Yahoo! (NASDAQ:YHOO) has updated its online video service, giving users the promised ability to upload their own clips. It's a step in the right direction, but unfortunately, Yahoo! will face tough competition from a variety of similar offerings. A small tweak, though, could help differentiate Yahoo!'s service from the pack -- and perhaps increase the site's advertising potential.

The new Yahoo! Video includes video clips uploaded by users, snagged from other sites by Web-crawling programs, or fed to Yahoo! by partners. The revamped site also includes a variety of tools to enrich the viewing experience, including ways to share video via Yahoo! Mail and Messenger. Still, The Associated Press notes that the service closely resembles features from the popular video site In addition, Google (NASDAQ:GOOG) Video also has some of the same capabilities, and TimeWarner's (NYSE:TWX) AOL is testing out its own service to let users upload video.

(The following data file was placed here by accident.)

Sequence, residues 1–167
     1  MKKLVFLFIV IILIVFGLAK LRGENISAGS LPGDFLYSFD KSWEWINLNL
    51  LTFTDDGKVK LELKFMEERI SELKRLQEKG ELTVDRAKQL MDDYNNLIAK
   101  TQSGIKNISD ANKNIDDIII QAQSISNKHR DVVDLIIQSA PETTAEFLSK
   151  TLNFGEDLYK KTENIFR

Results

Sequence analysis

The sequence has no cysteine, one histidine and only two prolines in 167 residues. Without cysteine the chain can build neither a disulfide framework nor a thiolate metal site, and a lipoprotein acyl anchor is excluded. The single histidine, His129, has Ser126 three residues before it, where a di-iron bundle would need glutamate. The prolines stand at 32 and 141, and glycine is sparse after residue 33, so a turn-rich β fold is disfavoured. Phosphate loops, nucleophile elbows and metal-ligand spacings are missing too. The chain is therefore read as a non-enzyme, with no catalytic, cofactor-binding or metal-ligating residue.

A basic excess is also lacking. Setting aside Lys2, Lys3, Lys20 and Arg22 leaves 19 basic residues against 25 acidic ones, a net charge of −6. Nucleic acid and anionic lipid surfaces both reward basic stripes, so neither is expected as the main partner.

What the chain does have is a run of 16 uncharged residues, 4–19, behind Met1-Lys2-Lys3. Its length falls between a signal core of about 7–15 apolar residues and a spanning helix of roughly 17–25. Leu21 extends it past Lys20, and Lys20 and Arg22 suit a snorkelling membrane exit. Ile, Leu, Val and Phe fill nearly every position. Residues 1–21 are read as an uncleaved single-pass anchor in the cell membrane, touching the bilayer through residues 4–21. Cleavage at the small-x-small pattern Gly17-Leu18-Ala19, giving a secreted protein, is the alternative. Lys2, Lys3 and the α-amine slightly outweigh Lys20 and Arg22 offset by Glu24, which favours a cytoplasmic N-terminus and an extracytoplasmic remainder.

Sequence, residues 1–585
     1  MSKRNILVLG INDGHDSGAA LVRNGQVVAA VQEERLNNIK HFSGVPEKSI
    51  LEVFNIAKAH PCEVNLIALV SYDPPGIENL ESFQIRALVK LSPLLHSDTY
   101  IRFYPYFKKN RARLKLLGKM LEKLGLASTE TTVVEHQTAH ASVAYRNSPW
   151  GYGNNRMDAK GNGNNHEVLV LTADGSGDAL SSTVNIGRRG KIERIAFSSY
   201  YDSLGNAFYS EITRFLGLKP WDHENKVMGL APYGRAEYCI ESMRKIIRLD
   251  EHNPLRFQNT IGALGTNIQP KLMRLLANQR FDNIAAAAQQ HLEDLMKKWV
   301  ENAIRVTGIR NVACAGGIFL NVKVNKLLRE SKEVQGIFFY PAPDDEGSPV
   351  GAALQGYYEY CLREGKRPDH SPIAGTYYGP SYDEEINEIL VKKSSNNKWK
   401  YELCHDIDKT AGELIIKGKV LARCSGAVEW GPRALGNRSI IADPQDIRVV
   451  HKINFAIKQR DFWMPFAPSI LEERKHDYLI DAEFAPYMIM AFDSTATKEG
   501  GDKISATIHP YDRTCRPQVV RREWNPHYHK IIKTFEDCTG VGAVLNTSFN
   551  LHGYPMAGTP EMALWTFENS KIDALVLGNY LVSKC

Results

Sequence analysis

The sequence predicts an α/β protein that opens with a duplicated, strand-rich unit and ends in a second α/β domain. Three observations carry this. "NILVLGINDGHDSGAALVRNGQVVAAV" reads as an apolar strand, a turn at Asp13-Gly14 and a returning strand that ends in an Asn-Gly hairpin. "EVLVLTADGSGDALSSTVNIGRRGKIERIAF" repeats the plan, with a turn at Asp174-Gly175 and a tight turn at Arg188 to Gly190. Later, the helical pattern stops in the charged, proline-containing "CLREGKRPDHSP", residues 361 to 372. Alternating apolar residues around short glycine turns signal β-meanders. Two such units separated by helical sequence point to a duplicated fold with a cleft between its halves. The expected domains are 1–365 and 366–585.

With all of these parallel offerings, Yahoo! Video's current incarnation likely won't establish a commanding lead. But providing users with a monetary incentive to produce original, innovative content could make all the difference.

Google's come close to this idea already. When it first launched Google Video, it indicated that it would allow content providers large or small to charge for their video uploads. To date, though, this feature has not materialized. Yahoo! could latch onto this concept without changing its current setup, simply by running contests that reward original content providers whose videos attract the most traffic over a specified period with modest cash prizes.

Allowing aspiring filmmakers to share content via the Web is a powerful idea. Unfortunately, without the prospect of some monetary reward, most of the contributions probably won't be that original or that interesting. As a result, traffic, and by extension, advertising revenue, will likely remain limited. Tempting users with the potential for cash prizes could make Yahoo! Video more of a destination, and add to the company's coffers in the process.

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Fool contributor Brian Gorman is a freelance writer in Chicago. He does not own shares of any companies mentioned in this article.